Between the state of New York and New York City, hurricane Sandy has cost about $32 billion in losses. State and local governments already facing financial strain will turn to the federal government for aid.
Top political leaders in New York put their heads together Monday on big requests for federal disaster aid as Gov. Andrew Cuomo announced that Superstorm Sandy ran up a bill of $32 billion in the state and the nation's largest city.
The cost is for repairs and restoration and does not include an additional accounting of over $9 billion to head off damage in the next disastrous storm, including steps to protect the power grid and cellphone network.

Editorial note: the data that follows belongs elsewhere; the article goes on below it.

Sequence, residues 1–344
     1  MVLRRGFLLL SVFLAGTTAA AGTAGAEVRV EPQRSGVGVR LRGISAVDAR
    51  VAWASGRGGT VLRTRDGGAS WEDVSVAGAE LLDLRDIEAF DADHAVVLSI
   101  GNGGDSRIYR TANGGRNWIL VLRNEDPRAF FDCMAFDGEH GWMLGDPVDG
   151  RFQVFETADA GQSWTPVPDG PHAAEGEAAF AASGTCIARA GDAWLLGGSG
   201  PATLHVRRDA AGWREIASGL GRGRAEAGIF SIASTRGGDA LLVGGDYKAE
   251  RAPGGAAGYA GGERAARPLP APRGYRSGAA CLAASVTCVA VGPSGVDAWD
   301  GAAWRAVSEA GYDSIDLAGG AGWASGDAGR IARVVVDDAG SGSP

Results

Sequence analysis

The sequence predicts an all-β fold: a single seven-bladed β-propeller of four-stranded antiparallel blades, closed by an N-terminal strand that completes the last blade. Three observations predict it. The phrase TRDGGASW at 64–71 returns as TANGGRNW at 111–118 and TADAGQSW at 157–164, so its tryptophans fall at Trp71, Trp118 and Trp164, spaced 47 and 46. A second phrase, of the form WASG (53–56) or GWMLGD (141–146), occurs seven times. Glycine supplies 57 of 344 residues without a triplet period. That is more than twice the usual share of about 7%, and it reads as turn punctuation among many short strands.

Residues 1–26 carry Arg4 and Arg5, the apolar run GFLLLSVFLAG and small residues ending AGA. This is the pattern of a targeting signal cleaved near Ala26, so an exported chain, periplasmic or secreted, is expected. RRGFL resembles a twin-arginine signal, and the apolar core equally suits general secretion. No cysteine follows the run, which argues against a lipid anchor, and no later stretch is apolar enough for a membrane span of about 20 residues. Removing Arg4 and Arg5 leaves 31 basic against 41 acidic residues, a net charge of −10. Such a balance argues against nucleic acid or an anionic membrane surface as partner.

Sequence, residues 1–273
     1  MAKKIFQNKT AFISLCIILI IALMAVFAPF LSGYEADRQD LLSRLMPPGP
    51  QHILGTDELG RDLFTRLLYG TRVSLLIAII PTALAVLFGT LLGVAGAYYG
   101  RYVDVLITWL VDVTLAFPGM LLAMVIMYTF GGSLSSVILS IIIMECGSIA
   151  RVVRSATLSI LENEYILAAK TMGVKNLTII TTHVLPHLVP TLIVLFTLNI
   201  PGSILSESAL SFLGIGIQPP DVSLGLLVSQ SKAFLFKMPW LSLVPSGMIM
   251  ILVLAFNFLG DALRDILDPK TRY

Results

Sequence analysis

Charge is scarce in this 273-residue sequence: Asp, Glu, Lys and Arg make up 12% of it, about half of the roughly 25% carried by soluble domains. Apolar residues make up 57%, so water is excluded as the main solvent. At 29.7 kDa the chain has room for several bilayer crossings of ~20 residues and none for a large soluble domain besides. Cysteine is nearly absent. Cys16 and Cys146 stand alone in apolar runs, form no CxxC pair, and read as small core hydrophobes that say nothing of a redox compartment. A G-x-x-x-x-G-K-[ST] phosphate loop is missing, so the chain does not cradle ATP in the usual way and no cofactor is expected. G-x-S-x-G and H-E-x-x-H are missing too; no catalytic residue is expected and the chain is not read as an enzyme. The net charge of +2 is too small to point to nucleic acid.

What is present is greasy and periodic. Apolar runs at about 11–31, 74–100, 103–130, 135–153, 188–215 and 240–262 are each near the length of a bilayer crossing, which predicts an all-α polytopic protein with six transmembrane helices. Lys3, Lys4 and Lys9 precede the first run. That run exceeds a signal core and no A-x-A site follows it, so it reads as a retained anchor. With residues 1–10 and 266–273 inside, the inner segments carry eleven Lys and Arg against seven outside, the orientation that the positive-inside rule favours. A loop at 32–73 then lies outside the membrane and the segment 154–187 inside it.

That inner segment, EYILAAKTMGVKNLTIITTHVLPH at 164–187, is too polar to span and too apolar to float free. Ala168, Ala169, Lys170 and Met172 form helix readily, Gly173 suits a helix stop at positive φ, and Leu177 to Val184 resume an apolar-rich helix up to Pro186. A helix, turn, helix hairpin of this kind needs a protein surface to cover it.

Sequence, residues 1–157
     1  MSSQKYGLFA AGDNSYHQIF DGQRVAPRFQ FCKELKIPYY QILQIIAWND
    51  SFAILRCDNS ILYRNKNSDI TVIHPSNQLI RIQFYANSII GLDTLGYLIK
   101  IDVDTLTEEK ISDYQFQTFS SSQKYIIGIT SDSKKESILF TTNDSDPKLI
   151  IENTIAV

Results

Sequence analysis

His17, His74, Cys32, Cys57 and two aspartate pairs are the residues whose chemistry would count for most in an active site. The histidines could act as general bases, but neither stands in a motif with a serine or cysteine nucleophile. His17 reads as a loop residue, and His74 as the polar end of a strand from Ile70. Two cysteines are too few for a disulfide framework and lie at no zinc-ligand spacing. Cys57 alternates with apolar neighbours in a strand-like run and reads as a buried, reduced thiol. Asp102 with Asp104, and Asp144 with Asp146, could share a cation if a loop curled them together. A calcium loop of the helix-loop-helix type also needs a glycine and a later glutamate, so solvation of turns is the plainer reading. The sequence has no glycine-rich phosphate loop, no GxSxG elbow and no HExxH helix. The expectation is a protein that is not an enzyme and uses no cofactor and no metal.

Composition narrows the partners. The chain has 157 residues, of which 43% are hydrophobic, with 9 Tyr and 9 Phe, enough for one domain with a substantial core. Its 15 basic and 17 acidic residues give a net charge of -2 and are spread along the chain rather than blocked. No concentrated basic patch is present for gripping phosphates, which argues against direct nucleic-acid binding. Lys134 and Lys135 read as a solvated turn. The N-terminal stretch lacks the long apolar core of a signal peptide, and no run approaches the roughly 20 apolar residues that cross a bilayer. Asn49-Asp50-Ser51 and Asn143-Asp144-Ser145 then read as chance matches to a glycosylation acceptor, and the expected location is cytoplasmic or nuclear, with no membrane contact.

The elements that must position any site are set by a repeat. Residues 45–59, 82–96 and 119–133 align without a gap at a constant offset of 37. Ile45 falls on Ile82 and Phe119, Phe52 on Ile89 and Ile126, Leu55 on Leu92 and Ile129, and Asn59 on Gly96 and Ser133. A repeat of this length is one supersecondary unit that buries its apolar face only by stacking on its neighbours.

"It's common sense; it's intelligent," Cuomo said. "Why don't you spend some money now to save money in the future? And that's what prevention and mitigation is."
New York taxpayers, Cuomo said, can't foot the bill.
"It would incapacitate the state. ... Tax increases are always a last, last, last resort."
Cuomo met with New York's congressional delegation to discuss the new figures and present "less than a wish list." The delegation, Cuomo and Bloomberg will now draw up a request for federal disaster aid.
States typically get 75 percent reimbursement for the cost of governments to restore mass transit and other services after a disaster.